Monday, January 13th 2020

Kingston Technology Announces Data Center DC1000B NVMe SSD

Kingston Technology today announced the Data Center DC1000B M.2 NVMe SSD, optimized for server boot drive applications, featuring power-loss protection (PLP). Kingston's Data Centre DC1000B is a high-performance M.2 (2280) NVMe PCIe SSD using the latest Gen 3.0 x 4 PCIe interface with 64-layer 3D TLC NAND. DC1000B offers data centres a cost-effective boot drive solution with the reassurance that they are purchasing an SSD designed for server use. The DC1000B is ideally suited as an internal boot drive for use in high-volume rack-mount servers, as well as for use in purpose-built systems that require a high-performance M.2 SSD that includes on-board power loss protection (PLP).

M.2 NVMe SSDs are evolving within the data centre, providing efficiencies in booting servers to preserve valuable front-loading drive bays for data storage. Whitebox and Tier 1 Server OEMs are beginning to equip server motherboards with one, or sometimes two, M.2 sockets for boot purposes. While the M.2 form factor was originally designed as a client SSD form factor, its small physical size and high performance make it attractive for server use. Not all SSD are created equal and using a client SSD in a server application may result in poor, inconsistent performance.
Boot drives are used primarily for booting an OS, but in many use cases today the boot drive has a secondary purpose: logging application data and/or configured as a high-speed local cache drive. The DC1000B was therefore designed with added endurance (0.5 DWPD for 5 years) to handle the OS workload as well as the extra write workload of caching and data logging. In addition to being developed for long-term reliability, the DC1000B is designed to deliver enterprise-level performance consistency and low latency features typically not found on client SSDs. Available in 240 GB and 480 GB capacities.
  • M.2 (2280) NVMe PCIe SSD Gen 3.0 x 4, performance
  • NVMe for server boot workloads
  • Application-optimised capacities (240 GB & 480 GB) keep costs low
  • On-board (PLP) power loss protection
  • Self-encrypting drive (SED) with AES-XTS 256bit
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4 Comments on Kingston Technology Announces Data Center DC1000B NVMe SSD

#1
ixi
TLC for data centers? Wait a minute... IOPS - low. Read I would say okey, but write is low too.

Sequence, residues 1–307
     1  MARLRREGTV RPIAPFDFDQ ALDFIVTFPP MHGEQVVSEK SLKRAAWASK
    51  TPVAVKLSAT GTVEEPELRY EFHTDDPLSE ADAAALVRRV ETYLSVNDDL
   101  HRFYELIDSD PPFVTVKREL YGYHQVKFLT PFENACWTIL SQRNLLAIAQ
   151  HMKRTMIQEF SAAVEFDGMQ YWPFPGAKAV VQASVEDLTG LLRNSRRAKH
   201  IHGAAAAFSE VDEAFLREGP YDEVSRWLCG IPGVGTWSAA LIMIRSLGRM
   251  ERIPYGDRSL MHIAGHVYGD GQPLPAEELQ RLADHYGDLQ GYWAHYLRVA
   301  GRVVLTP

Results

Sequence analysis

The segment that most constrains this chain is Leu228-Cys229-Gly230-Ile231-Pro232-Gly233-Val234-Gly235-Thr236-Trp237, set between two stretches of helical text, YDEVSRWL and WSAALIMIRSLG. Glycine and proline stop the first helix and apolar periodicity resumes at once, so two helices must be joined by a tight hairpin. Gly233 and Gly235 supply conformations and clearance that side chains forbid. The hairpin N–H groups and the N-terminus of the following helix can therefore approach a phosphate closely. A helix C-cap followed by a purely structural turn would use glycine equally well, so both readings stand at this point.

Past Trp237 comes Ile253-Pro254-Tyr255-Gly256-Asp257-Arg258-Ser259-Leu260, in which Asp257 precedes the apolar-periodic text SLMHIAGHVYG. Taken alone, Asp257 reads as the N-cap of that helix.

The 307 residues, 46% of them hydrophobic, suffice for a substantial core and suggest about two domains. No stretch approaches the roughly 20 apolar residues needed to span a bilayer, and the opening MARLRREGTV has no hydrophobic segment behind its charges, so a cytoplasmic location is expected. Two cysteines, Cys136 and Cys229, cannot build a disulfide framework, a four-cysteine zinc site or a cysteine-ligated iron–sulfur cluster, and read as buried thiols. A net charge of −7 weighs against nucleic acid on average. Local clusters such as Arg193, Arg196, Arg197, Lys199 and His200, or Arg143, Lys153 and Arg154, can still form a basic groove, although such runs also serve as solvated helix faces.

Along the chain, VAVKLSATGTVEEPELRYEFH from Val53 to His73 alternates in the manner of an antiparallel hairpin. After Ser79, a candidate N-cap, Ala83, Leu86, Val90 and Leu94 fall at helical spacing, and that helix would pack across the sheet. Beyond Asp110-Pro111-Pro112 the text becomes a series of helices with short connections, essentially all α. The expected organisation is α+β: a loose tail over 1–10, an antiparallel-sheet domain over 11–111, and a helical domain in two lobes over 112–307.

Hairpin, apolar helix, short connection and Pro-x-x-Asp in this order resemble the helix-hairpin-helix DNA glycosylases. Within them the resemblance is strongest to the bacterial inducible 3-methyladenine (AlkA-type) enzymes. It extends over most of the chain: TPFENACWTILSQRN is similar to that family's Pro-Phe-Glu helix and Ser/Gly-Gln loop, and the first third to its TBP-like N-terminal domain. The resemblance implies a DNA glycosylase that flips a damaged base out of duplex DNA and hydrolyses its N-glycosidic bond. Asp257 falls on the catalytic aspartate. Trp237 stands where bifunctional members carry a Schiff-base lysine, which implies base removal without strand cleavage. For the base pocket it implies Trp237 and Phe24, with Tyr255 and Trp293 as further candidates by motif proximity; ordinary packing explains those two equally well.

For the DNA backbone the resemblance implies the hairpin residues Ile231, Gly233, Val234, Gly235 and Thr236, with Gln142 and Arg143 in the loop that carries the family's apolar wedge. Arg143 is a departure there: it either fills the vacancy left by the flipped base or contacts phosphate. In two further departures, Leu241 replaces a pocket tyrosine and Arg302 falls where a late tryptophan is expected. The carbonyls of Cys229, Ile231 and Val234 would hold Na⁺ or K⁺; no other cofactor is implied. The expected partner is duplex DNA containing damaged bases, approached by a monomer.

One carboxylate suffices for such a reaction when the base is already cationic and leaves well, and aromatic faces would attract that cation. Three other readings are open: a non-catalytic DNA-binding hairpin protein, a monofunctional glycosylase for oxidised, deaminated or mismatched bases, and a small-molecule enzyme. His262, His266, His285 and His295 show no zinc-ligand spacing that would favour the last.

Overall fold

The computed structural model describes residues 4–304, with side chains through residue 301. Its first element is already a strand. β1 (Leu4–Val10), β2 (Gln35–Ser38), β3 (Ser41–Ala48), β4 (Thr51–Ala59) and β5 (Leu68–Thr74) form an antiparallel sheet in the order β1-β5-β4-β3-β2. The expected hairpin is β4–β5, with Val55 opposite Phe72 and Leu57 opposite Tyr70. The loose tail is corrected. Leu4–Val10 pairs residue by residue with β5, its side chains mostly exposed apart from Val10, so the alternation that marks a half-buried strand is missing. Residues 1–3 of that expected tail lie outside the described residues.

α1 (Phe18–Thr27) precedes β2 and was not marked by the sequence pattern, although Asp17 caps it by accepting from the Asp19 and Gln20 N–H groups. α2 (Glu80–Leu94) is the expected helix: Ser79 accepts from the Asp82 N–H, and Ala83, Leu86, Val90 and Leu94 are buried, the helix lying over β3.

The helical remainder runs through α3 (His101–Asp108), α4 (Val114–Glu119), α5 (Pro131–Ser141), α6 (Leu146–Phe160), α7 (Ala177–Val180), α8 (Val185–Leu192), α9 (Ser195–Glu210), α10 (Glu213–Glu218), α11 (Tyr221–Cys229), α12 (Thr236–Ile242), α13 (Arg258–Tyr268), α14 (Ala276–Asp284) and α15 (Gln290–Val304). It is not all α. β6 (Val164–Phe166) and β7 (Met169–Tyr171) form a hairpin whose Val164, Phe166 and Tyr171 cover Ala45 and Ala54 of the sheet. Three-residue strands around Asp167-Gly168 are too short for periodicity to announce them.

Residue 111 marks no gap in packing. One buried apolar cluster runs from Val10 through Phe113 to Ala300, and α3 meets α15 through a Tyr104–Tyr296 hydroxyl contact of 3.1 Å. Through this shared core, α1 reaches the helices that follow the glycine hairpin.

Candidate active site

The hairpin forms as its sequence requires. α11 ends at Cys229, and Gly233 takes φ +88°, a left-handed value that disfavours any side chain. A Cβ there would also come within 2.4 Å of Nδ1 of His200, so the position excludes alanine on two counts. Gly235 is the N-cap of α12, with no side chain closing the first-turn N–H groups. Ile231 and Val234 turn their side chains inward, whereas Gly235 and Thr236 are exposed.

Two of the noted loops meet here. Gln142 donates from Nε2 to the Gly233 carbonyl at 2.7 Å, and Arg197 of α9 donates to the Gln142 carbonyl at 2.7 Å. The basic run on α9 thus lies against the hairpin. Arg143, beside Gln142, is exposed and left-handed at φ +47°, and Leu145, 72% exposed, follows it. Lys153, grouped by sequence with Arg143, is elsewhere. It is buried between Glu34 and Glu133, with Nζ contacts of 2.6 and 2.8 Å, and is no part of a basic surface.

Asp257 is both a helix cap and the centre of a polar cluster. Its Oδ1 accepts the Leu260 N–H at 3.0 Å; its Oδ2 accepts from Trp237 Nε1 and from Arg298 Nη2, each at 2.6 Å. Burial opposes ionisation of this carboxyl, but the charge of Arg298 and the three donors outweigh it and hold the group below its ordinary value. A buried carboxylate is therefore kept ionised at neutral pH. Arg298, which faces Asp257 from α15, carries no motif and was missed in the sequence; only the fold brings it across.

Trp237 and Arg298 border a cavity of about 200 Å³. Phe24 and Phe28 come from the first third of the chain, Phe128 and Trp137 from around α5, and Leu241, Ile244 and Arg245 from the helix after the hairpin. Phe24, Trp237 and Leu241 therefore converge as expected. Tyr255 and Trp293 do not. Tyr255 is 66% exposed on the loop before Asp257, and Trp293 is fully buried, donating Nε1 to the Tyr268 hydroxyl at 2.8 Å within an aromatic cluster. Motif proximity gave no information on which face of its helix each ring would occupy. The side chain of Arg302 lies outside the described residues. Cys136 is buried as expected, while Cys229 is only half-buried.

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#2
notb
ixi
TLC for data centers? Wait a minute... IOPS - low. Read I would say okey, but write is low too.
There are scenarios that need fast write and there are some that don't.
Many systems today are focused around fast reads, whereas writing data happens very rarely.
This kind of drives will be more cost-effective for data lakes and the like (the whole "Big Data" phenomenon).

Fast writting and high IOPS remain a crucial for transactional systems (frequent writing of small packages).
Posted on Reply
#3
Gungar
notb
There are scenarios that need fast write and there are some that don't.
Many systems today are focused around fast reads, whereas writing data happens very rarely.
This kind of drives will be more cost-effective for data lakes and the like (the whole "Big Data" phenomenon).

Fast writting and high IOPS remain a crucial for transactional systems (frequent writing of small packages).
And endurance maybe?
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#4
notb
Gungar
And endurance maybe?
If a drive offers slow writes, it won't be used in systems that write a lot. Endurance (understood as TBW) is not important here.

You have stuff like high-performance transaction or data gathering systems, where drives may write even non-stop.
A popular choice like 3.84 TB PM1643 can write at ~2000MB/s and has TBW~=7PB. So it can be killed in roughly 43 days on average. :)

And on the other end you have systems that are fed with data very rarely (lets say: every few days) and then they're just read.
This is quite common in large companies (think about dictionaries, e.g. client data - names and addresses).
It's also very typical in science. You make an experiment which provides huge amount of data. Then you analyze that data for days or months.

Many different scenarios lead to optimized hardware. Never mock an enterprise product. It it exists, it means someone needs exactly that. :)
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